One of the main signs of the health of the global and U.S. economies is its ability to absorb a blow and shake it off. At least that’s how Lakshman Achuthan of the Economic Cycle Research Institute sees it. That’s something to consider in light of all the fretting and hang-wringing after the U.K. vote last week to exit the European Union.
ECRI is best known for analyzing business cycles using a variety of data points. The firm uses its proprietary Weekly Leading Index as part of a broader approach to forecasting recession probabilities based on the universe of expansions, plateaus and contractions over time. It is less focused on any single economic data point, and instead uses the idea of long cycles to determine what is most likely to come next.
Achuthan’s description of what actually causes a recession is pretty compelling. The context he uses is a cyclical approach that focuses less on the shock and more on the state of the economy. In other words, look at cyclical vulnerability as a precondition for any shock to become recessionary.
Here’s a good metaphor: Imagine a person who has had a glass of wine at dinner at a restaurant. As this person returns home and walks down the street, they encounter a few obstacles: items strewn in their path, a dog running by, a crowd of pedestrians jostling them as they pass. This person is likely to remain upright and continue on their way, more or less unimpeded.
Contrast that with the imbiber who has had a few too many: Whether this person falls over is less a function of what bumps into them or is in the way, and more determined by what has impaired their balance. Even a modest bump might leave them sprawled on the ground.
So it isn’t necessarily so much the qualities of an economic shock that cause a recession, but rather the state of the economy itself when that shock occurs. In theory, it doesn’t take much to tip an economy into a recession when it has weak job gains, subpar retail sales, low wage growth, high inflation, declining housing values, falling durable goods sales and low consumer confidence. Now imagine an economy with steady job gains, rising retail sales, consistent wage growth, modest inflation, rising housing values, gains in durable goods and high consumer confidence. An economy like this can absorb a body blow and continue expanding.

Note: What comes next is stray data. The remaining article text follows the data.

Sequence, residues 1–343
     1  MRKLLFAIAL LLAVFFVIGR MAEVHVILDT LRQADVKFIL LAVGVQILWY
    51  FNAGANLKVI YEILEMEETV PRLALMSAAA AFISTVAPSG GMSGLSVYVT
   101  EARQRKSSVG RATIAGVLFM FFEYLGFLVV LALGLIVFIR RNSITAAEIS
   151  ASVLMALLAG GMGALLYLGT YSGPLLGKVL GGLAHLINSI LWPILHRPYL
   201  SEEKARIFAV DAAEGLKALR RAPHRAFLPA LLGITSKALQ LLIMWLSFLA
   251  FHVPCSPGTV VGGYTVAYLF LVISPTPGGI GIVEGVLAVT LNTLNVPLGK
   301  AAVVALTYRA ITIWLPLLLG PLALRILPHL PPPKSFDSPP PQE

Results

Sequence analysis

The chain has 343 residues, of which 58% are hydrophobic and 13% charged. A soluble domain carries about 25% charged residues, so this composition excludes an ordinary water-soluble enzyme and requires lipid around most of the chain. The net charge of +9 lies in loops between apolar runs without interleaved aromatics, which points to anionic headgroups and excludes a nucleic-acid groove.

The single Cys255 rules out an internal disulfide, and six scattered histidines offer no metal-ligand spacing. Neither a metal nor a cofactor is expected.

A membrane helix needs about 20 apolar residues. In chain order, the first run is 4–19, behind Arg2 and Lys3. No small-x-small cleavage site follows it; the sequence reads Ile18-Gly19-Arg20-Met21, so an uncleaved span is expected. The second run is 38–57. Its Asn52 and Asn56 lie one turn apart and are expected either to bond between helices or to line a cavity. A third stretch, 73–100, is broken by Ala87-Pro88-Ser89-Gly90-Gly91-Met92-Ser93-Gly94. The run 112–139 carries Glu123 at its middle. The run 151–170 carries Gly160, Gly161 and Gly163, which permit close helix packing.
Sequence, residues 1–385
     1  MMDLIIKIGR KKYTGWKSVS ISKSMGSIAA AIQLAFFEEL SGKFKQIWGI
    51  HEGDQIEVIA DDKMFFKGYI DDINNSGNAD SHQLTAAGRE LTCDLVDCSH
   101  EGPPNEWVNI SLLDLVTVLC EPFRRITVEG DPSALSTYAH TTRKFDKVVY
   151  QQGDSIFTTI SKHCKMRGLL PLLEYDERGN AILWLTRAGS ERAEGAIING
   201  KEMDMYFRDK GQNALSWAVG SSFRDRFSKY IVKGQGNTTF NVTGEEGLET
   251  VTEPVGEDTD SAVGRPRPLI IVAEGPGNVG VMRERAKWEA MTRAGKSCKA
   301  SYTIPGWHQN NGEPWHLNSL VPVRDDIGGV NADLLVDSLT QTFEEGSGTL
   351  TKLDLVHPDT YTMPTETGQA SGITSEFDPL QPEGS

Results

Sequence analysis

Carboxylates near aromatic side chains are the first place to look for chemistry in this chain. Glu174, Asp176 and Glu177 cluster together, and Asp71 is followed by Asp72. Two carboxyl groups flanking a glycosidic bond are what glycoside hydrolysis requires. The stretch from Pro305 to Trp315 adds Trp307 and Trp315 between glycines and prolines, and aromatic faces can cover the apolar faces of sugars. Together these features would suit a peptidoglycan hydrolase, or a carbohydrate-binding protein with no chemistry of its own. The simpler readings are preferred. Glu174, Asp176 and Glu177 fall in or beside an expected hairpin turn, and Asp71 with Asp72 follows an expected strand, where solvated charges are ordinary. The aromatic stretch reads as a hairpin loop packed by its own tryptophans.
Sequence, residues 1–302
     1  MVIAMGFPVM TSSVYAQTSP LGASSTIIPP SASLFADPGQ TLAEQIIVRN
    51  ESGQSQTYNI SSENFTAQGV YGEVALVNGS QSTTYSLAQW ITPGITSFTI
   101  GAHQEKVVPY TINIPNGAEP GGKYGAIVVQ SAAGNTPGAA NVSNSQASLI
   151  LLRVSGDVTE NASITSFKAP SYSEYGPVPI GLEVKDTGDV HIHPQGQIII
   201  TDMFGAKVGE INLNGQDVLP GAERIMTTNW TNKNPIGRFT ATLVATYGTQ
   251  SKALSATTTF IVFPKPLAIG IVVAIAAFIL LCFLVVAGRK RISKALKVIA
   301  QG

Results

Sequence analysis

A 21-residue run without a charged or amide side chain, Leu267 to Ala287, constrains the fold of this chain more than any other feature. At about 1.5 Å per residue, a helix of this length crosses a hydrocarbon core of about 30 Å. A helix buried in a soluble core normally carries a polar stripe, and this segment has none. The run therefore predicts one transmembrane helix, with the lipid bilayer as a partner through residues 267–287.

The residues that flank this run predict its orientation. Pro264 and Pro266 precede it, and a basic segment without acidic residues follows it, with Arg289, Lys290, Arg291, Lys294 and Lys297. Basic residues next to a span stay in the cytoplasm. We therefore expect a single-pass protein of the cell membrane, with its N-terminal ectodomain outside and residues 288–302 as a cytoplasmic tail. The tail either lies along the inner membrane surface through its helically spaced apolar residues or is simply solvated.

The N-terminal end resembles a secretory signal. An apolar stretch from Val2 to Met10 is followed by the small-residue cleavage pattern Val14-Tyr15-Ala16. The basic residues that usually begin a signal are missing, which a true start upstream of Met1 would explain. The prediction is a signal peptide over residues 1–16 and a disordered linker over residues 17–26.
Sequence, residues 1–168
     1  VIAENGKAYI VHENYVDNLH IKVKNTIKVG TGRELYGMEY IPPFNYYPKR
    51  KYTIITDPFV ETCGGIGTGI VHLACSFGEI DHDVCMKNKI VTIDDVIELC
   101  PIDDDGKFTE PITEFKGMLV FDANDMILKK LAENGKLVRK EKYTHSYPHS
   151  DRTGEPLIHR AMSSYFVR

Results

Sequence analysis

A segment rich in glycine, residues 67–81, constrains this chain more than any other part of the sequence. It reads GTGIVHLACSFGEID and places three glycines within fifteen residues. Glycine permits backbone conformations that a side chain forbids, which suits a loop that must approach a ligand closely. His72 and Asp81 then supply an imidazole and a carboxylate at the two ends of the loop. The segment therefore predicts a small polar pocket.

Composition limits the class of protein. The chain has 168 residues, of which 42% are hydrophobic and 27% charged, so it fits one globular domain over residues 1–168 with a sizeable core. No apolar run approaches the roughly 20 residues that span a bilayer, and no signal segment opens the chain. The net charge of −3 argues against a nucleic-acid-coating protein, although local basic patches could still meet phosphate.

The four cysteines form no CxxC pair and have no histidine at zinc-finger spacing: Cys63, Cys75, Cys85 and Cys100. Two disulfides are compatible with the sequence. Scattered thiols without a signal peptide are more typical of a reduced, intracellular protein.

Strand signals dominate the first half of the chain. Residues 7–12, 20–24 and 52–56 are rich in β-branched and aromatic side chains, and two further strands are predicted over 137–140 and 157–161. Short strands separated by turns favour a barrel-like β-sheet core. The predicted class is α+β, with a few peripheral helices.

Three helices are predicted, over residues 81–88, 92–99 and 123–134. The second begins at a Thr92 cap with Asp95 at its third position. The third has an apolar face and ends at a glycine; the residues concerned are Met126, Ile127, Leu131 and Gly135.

It doesn’t take much to tip an economy into a recession when it has weak job gains, subpar retail sales, low wage growth, high inflation, declining housing values, falling durable goods sales and low consumer confidence.
The reaction of the economy to the Brexit shock is worth considering.
Based on the data, the U.S. economy is neither weak nor robust. (My view has been that it’s stronger than many give it credit for.) The unemployment rate has improved a lot, and the economy has added about 14 million jobs since 2010; pay raises, however, have been disappointing; retail sales have been mixed, with much of the gain coming from automobiles. Inflation is contained; housing values have risen, consumer confidence has increased. Although the U.S. economy is far from perfect, it can take a hit and maintain its modest expansion.
There have been plenty of forecasts of recession by a number of bearish economists and fund managers for years – and even new predictions of another financial crisis. So far, the global economy and the U.S. economy have managed to endure a number of blows. Those anticipating a Brexit-driven recession may be disappointed.